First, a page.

It’s time for another GNOME Crosswords release! This time we had a focus on I18N support. I also got patches from another new contributor – Philip – who added some nice improvements, dutch-language support, and a downloader.
New features include:
- A preferences dialog to let you filter puzzle sets by language. This gives us a way to only show puzzles either in your current language or in all languages. It opens the door for puzzle sets and downloaders in different languages.
- Translation support. We have Dutch and Spanish translations now. It would be great to see more languages available for the next release.
- Don’t grab focus when clicking on a clue. This was a small change that had a big impact on playability.
- Copy/Paste support for the grid.
- Undo/Redo support for the game.
- Use the shiny new libadwaita AboutWindow.
- Input now works on MacOS, making it fully playable on that platform.
- Dutch-language crosswords work with the ‘IJ’ cell.
Wait, what’s that last one???
Amazingly enough, it turns out that Dutch crosswords allow an ‘IJ’ digraph in the same cell. This is an interesting twist on the crossword, as you can add an ‘I’ and ‘J’ character independently, as well as together.
To support this, I added a Quirks object that can be used to modify the behavior of the game. Beyond Dutch support, I started adding support for rebus-style crosswords as a second quirk. I imagine having to add more as we add additional language support.
Fortunately, we already supported strings within answers so this wasn’t too hard to implement. However, I’m not 100% sure I got the input controls correct. If you’re a Dutch crossword solver, I’d love to hear from you. I also hooked up the quirks to the help overlay so it only shows the special input mode when you have a puzzle that needs it (or are running it in Dutch).
I also added another extension to the .ipuz implementation to specify the locale of puzzles. We use that to filter puzzles, and add the quirks.
I thought I’d write down the things that I got stuck on this cycle in the hopes it saves other people time in the future:
GtkImage has the really convenient ability to recolor images when the appearance changes from light to dark. As far as I can tell, that functionality isn’t exported, so to use it you have to load the svg as a symbolic icon. Despite the documentation, it’s pretty finicky to get that correct so make sure to read all the documentation carefully. In addition, GtkImage really wants the image to be icon sized. You can override that with gtk_image_set_pixel_size().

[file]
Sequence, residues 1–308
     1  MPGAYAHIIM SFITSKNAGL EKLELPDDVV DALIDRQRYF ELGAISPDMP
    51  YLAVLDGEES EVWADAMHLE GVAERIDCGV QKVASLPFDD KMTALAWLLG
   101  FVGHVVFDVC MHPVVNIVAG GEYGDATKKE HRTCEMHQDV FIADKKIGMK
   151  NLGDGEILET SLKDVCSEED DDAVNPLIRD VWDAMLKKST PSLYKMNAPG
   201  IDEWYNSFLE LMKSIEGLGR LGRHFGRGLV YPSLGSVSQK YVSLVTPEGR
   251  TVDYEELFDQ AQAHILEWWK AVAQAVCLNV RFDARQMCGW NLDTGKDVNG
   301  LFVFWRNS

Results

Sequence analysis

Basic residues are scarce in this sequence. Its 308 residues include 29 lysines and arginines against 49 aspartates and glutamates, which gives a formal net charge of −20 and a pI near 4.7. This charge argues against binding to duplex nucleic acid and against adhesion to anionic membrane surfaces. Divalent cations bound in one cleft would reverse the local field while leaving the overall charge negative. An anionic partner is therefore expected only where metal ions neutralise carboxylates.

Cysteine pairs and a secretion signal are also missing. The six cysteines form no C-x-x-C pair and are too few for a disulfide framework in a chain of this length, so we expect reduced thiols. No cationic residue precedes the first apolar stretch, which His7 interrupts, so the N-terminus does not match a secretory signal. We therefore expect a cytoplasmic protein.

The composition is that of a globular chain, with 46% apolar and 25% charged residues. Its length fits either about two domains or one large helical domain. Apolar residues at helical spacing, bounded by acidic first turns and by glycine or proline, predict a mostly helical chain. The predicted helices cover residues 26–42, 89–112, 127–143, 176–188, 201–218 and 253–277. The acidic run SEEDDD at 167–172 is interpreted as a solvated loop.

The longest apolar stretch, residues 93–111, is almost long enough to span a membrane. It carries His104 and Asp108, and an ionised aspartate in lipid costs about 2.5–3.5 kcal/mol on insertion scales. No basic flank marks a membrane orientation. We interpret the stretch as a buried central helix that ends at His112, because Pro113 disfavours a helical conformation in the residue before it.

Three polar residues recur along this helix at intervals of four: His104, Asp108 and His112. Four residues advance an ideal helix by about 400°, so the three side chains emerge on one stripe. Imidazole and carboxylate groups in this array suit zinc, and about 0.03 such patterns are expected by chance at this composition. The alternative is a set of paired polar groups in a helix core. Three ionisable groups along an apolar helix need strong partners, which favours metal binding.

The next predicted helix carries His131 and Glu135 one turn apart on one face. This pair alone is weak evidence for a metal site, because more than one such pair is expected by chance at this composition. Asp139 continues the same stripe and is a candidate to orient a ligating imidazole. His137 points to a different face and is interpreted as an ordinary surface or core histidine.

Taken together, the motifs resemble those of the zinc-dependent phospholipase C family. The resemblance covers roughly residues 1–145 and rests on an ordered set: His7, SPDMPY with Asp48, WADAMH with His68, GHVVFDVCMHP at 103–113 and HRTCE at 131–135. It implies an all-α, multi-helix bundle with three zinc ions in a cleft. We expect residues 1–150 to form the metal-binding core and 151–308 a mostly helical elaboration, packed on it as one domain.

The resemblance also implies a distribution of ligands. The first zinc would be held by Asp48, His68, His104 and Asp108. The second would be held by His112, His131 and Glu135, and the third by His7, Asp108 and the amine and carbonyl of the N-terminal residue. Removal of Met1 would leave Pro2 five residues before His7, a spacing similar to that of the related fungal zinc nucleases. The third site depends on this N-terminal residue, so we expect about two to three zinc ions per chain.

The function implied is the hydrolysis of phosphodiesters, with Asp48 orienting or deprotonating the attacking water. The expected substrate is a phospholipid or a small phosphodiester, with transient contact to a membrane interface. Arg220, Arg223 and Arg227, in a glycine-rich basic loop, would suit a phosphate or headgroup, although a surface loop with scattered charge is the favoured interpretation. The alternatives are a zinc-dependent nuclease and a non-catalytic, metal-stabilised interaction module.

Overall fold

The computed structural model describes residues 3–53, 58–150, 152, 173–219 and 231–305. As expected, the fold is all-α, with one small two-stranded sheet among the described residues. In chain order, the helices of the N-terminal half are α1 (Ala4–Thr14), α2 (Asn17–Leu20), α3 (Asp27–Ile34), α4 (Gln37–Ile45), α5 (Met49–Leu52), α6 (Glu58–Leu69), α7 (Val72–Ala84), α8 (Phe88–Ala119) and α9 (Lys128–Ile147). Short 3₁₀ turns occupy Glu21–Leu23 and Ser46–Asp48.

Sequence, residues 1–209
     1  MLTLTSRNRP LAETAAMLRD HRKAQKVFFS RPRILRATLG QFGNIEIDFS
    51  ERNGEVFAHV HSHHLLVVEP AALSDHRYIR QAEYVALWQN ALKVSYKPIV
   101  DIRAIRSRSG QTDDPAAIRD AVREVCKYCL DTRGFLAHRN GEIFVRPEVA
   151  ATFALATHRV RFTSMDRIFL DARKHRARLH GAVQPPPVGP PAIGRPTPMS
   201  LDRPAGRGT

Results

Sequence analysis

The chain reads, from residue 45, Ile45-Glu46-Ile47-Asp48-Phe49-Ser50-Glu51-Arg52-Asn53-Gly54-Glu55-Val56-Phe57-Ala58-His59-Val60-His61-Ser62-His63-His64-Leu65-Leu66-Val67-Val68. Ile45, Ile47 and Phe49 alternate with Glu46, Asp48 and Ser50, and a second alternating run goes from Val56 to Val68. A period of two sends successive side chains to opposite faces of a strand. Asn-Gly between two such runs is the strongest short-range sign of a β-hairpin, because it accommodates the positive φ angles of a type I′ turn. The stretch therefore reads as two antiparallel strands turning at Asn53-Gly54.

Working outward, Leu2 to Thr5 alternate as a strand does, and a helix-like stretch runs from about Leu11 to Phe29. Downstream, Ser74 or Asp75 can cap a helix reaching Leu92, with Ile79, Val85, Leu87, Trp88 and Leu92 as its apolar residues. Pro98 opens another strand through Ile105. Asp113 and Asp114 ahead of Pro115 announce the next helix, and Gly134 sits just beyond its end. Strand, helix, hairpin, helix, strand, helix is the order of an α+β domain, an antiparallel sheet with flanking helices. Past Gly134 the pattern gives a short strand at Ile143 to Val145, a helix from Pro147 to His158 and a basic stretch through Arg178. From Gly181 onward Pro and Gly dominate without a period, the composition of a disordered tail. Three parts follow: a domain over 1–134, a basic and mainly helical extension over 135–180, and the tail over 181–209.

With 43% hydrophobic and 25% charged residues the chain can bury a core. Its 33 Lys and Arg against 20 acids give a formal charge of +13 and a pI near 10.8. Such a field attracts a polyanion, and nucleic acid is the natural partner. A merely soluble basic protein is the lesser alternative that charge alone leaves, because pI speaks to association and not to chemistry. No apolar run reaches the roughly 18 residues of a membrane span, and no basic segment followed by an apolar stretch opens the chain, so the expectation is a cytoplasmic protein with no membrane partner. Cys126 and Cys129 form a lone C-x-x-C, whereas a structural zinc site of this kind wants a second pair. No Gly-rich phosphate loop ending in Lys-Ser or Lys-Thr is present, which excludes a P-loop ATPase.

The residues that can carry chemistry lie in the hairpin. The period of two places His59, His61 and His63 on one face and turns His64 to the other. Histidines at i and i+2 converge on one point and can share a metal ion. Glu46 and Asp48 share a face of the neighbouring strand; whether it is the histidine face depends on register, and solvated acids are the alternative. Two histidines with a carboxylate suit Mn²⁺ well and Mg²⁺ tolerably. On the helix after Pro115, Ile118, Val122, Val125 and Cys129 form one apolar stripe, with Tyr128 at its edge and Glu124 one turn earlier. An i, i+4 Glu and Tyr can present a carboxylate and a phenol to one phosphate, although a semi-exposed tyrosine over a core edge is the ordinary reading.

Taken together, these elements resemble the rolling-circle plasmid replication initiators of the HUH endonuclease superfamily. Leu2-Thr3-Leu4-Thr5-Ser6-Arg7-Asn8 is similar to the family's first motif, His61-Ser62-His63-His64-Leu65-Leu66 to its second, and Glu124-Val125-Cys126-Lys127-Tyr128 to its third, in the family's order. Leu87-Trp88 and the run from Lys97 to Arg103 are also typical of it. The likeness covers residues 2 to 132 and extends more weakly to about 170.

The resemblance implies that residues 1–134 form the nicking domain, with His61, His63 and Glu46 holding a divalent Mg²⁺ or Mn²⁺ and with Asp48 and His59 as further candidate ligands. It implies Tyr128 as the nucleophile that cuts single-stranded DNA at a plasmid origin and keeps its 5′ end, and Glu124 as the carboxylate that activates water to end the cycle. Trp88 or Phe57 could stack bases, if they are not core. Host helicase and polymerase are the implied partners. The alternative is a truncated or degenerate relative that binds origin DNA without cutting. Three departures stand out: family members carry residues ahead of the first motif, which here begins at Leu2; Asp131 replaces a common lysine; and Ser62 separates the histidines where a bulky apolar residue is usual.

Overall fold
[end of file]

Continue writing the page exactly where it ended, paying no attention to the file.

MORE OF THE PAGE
Translating keyfiles with meson
We use keyfiles (aka, .desktop files) as a config file format to define the puzzle sets. These config files have user-visible strings added to them them, and then are compiled into a gresource file. This was surprisingly hard to get translated. Some notes:
- xgettext supports –keyword=Keyword and -kKeyword to define custom keywords to translate. Unfortunately, despite being documented otherwise, msgfmt only supports –keyword=Keyword. Don’t use -k.
- Meson doesn’t allow you to pass the language type to xgettext for an arbitrary file. In order to force it to use the correct type, I had to name my config file puzzle.config.desktop.in, and rename it to puzzle.config post-translation.
- There’s no way for meson to have a compile-time dependency on the po files for i18n.merge_file(). In order to test it, I had to remove the translated desktop file in order to force rebuild it after every translation change. Meson 0.64 is supposed to fix this.
- I’m giving a talk at GUADEC! Come hear the details of how this game was built and some interesting facts about crosswords. Sadly, I’m scheduled at the same time as the always-popular gnome shell update, but hopefully a few people will be interested in what I have to say.
- To fully support internationalization, we need to support other languages for the wordlist. There’s an open bug for it. The work here shouldn’t be too hard, but will require a decent amount of work to make sure we’re multi-byte clean.
- And as always, if you are interested in writing and publishing crosswords, let me know!